Capital campaigns are set off from other fund-raising projects because they simply require larger gifts. The capital campaign goal is usually extraordinary and requires extraordinary gifts. But, capital campaign funding strategy is abnormal. Normal is annual fund giving or special event giving. We call it transactional or traditional fund raising. I ask, you give; you get something for your gift. It goes on every year at about the same time, and the donor learns to expect it.
Capital campaign giving is not usual and takes place in an irregular pattern. Capital campaign fund raising is relational. If I am going to ask you for a mega-gift and if I am hopeful of that gift for my capital campaign, I have to establish a relationship with you. That relationship has to be built on trust. There already may be a relationship through a board affiliation, as an annual donor, as a volunteer. But I have to be nurturing if I am going to succeed in getting your help for my capital campaign. I have to prove to you that I am a good steward of your gift and your relationship with our organization.
As an annual fund donor, you may give my organization $1,000 once or twice a year. As one of those who I rely on to attend my special events, you may give my organization $500 or $1,000 annually to attend the annual gala. You are generous. You like the attention. We appreciate the support. But, what motivates someone to make the largest gift of his or her life to a capital campaign?
You are asking someone to move from a $1,000 a year level to a $100,000 level for a capital campaign. First, your research better be good because you never want to embarrass a donor by shooting too high or too low. You must know your prospect’s capability. Do they have the financial capacity? Do they have an intense interest in what you are doing? Do they have a charitable nature when it comes to a gift this size? Are they willing to invest in your capital campaign and commit to your ideas?
The traditional annual fund drive or the usual special event are cut and dried. The donor knows where the money is going. But a capital campaign is different. You have to ask the prospect to dream with you, to see your vision and to make it their vision. That is a heady task. You are taking an idea and making it a reality through a series of gifts that people are unaccustomed to making. It is an unusual process.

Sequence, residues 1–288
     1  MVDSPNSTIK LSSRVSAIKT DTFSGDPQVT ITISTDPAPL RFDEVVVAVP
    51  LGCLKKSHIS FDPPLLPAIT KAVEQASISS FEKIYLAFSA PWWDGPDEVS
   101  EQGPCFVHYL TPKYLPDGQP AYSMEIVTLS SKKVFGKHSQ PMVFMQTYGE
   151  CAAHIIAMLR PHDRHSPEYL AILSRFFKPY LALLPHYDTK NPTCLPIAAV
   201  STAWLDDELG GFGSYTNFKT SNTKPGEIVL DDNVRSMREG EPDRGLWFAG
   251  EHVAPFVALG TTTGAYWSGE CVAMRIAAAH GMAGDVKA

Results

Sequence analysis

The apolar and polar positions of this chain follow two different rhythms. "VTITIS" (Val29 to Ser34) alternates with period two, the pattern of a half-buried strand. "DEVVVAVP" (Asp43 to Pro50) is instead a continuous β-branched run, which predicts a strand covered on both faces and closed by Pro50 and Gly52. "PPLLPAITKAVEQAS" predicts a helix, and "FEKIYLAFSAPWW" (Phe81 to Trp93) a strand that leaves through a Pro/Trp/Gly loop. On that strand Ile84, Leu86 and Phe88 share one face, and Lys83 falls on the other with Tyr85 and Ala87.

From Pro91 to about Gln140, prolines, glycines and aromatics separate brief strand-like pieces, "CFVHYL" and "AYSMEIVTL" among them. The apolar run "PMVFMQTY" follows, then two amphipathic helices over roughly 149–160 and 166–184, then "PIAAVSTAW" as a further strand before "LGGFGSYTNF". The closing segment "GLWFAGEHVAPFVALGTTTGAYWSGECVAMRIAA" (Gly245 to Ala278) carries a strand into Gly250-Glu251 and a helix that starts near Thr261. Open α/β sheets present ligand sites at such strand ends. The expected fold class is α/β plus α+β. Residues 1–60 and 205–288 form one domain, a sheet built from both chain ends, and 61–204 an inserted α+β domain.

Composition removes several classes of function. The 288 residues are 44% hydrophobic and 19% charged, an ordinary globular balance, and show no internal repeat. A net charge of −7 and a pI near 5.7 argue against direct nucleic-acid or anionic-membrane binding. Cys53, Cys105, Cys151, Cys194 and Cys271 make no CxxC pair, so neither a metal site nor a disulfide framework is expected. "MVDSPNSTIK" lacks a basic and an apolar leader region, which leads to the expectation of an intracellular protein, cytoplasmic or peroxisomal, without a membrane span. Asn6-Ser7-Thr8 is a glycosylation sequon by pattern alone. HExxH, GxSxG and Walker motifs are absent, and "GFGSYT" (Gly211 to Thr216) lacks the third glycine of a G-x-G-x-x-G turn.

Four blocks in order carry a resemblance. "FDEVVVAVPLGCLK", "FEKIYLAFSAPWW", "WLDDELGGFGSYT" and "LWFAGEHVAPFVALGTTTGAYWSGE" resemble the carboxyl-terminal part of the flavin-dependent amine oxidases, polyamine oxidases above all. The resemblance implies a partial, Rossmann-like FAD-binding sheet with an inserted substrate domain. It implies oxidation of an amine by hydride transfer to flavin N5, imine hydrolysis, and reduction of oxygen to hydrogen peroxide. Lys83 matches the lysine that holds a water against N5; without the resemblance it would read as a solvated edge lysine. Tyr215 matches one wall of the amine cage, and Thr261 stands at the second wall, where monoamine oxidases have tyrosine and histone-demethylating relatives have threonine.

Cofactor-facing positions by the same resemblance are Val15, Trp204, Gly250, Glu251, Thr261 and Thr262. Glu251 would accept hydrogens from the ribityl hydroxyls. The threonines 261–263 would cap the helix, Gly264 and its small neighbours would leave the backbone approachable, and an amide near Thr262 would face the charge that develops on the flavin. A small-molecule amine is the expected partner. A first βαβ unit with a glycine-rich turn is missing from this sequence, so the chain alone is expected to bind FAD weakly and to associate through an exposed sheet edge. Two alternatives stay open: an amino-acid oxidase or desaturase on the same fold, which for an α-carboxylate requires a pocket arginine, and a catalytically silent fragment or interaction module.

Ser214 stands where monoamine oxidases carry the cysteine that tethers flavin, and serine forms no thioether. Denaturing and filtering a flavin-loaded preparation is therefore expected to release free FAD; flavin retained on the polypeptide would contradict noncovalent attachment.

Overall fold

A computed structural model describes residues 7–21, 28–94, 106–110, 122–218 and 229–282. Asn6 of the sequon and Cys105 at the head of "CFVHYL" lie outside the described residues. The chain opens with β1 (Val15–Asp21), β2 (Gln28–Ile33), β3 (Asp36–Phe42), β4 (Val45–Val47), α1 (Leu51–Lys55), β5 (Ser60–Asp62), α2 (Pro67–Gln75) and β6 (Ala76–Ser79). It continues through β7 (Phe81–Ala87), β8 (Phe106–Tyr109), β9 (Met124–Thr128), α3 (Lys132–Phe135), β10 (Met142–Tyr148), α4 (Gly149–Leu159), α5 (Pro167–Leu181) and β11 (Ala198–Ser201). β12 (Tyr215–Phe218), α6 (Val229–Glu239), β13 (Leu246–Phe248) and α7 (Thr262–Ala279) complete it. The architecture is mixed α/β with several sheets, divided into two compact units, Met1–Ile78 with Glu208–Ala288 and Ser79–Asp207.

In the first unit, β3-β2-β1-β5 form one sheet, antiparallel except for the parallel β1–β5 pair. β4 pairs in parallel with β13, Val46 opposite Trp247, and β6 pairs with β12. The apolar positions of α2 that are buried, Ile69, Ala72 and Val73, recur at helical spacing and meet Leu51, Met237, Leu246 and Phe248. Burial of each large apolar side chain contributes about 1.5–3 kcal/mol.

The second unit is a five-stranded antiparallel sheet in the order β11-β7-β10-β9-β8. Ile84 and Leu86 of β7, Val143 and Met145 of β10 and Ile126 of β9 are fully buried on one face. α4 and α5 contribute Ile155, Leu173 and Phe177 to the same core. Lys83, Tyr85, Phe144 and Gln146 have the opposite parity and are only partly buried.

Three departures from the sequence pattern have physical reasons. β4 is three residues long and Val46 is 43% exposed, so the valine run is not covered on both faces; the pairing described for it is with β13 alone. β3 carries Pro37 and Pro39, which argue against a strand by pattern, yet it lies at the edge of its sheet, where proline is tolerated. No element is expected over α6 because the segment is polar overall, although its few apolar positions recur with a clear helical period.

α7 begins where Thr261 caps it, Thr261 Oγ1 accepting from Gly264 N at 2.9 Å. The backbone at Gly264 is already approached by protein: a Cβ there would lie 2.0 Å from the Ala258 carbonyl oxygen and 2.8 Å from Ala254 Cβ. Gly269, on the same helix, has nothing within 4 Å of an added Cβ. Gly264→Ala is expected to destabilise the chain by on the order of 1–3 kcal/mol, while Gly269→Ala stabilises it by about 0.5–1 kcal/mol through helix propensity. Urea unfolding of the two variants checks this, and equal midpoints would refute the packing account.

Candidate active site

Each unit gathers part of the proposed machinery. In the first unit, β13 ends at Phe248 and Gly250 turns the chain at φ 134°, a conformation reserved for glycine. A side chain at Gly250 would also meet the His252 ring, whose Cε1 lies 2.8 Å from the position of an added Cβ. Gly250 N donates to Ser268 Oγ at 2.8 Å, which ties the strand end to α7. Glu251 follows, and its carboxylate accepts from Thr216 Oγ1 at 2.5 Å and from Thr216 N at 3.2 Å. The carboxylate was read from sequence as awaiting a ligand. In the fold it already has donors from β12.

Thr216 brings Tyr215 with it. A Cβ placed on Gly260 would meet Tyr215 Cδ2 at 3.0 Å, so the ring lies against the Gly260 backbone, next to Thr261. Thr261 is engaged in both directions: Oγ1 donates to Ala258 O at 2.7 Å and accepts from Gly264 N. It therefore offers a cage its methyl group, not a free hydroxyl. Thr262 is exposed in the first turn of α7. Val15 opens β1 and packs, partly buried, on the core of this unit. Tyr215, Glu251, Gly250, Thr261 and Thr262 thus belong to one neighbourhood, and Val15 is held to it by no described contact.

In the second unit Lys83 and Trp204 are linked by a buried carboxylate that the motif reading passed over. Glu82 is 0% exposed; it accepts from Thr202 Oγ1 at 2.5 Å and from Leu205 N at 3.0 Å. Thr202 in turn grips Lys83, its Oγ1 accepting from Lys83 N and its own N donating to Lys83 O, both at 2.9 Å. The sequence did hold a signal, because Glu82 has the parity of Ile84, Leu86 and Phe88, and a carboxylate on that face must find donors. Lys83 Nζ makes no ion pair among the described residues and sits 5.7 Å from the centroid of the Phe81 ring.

By taking risk and asking all the right questions, a prospect might just start to believe in your mission. He might just start to see where his mega-gift might fit in. He might be seeing for the first time the results of the largest gift he has ever made to any organization. You have been persuasive, you have invited participation, you have sought input, you have transferred knowledge, and you have gained consensus.
With the passion of the process and the emotion of the gift must come a sense of purpose. I have to state the course of my purpose and not waver from what it is we actually need versus what the donor thinks we need. I am not going to sacrifice a project by taking a misdirected gift. The prospect will appreciate someone who sees clarity through emotion.
The capital campaign gift process is unique. It has to be plotted carefully. The planners have to be stewards of ideas and dreams. The capital campaign will succeed with determination, enthusiasm, and patience.
John Warren is Vice President of Funds Development for The Homewood Foundation in Williamsport, Maryland. The Homewood Foundation, Inc. is the fund-raising arm of Homewood Retirement Centers, Inc., a network of Continuing Care Retirement Communities serving the needs of today's families in Maryland and Pennsylvania since 1932.
Custom Development Solutions, Inc., (CDS) is among one of the most sought after fundraising consulting firms specializing in the strategic planning and tactical execution of capital campaigns for non-profits throughout the United States and Canada. If you have a fundraising question, please call CDS at 800-761-3833 or send an email to firstname.lastname@example.org.